I started working with European youth programmes 10 years ago. At the time, a search for the words “environment” or “sustainability” in the Programme Guide of what was back then the Youth in Action programme (now Erasmus+), would retrieve zero results. It was very difficult for me as an applicant to make my environmental education projects eligible for funding. Today, I can be very straightforward with the aims and objectives of the projects that I create, because environmental sustainability is finally a priority. But how did this come to be?
Environmental awareness is not something new. It started soon after the industrial revolution, when pollution coming from industrial processes started to become a problem. Not much was done to mitigate the impacts, and over time, the problems grew bigger and wider: nuclear accidents, oil spills, melting glaciers, rising sea levels, extreme weather events, the 6th mass extinction… And still, only 5 years ago, the public and media focus on environmental issues was minimal.
20 August 2018: a 15-year-old girl with Asperger’s syndrome sits in front of the Swedish parliament holding a handmade sign reading “Skolstrejk för klimatet” (“School strike for climate”). She says she wants her government to reduce their carbon emissions according to the compromises established in the Paris Agreement. She’s going to sit there until somebody listens to her, because she’s heard enough empty promises, and because she’s young and she’s angry, and why not.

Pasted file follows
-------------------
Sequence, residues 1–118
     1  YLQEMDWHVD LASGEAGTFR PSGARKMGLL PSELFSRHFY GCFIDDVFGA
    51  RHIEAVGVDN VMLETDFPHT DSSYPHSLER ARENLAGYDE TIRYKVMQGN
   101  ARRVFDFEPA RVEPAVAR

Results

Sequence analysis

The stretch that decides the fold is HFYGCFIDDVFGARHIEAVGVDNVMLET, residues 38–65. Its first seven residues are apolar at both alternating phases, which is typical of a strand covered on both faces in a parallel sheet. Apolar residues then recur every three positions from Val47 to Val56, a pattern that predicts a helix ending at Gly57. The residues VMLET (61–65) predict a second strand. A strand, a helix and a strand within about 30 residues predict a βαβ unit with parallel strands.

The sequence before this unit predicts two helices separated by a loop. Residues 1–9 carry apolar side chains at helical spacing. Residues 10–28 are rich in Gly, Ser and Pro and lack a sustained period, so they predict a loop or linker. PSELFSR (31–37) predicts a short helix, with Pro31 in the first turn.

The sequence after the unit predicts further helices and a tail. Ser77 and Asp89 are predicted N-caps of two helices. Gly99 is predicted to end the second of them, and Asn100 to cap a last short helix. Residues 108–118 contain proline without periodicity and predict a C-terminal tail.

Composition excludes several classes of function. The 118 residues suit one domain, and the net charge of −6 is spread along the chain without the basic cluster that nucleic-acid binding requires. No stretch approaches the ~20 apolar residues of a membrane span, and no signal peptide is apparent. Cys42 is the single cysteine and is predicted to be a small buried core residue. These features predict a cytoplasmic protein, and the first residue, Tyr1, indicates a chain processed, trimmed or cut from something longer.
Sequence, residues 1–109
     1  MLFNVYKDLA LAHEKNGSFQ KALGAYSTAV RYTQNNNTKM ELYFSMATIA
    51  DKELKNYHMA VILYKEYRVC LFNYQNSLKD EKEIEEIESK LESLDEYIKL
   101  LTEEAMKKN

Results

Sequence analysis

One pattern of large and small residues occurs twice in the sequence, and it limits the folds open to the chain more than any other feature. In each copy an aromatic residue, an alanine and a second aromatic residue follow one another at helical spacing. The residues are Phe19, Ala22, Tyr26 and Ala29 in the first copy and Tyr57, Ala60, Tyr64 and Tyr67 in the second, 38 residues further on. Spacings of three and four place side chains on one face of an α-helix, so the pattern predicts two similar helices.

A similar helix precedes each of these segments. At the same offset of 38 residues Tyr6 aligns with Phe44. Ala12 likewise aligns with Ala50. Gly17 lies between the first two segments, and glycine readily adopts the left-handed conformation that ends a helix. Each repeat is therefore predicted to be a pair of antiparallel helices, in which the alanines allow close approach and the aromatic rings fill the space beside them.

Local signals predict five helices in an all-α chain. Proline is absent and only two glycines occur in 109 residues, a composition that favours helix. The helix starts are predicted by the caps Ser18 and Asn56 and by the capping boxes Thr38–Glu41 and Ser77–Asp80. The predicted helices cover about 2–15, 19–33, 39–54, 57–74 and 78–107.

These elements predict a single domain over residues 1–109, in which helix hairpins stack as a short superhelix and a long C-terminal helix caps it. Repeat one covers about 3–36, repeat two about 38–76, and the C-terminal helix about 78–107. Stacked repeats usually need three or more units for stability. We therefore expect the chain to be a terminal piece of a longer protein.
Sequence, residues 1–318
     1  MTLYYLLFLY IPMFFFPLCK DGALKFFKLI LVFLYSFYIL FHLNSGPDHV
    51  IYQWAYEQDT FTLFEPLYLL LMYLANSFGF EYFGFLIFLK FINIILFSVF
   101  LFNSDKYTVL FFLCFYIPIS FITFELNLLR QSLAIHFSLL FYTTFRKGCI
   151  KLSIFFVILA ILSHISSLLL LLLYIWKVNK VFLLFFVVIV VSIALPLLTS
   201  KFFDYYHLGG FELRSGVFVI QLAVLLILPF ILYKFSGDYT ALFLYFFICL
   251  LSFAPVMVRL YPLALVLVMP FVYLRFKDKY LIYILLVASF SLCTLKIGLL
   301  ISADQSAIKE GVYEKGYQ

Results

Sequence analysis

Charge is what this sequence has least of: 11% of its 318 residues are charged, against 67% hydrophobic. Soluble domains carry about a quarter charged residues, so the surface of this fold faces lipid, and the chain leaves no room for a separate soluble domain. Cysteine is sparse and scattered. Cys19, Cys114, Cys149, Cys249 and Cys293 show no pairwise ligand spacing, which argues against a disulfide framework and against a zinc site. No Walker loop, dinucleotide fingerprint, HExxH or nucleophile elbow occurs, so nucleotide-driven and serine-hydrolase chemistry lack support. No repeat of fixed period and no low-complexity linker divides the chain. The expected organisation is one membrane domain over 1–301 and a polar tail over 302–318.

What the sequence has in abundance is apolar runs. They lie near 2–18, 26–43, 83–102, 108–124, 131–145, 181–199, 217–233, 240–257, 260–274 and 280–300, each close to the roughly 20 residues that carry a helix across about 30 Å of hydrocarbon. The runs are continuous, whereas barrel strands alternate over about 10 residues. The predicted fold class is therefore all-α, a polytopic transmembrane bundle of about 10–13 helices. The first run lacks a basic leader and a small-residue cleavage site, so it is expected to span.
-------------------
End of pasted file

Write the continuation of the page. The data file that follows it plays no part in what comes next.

5 months later, more than 20,000 students strike for the climate in more than 270 cities in several countries. Greta Thunberg has clearly played a crucial role in increasing environmental awareness in recent years. But also all of her followers who organised the Fridays for Future movement, and many other leading youngsters in different parts of the world, such as Rebeca Hamilton, founder of Sustainabiliteens, a group of young environmental activists who organised the largest climate crisis protest in the history of Vancouver. Or Young Friends of the Earth Europe, who have been coordinating the participation of young people in climate negotiations, and in some of the biggest climate marches in history, such as the one in Copenhagen back in 2009. That was massive. And I know it was, because I was there.
Young activists have massively helped to bring the climate crisis to the media. Those mass strikes all over the planet simply couldn’t be ignored. But media attention is not all we need in order to make a change.
In parallel, other groups of young people were working on a different course of action. Over 50,000 young people from around Europe participated in the Youth Dialogue process. This process is structured in 18-month work cycles, each one of them focusing on a different thematic priority set by the Council of Youth Ministers. During each cycle, the national working group of every EU country conducts a national consultation of young people and youth organisations on the corresponding priority. These national working groups are composed of representatives of youth ministries, national youth councils, youth organisations, youth workers, researchers and young people from all backgrounds. In this way, young people get to have their say on the priorities, implementation and follow-up of European youth policies and programmes.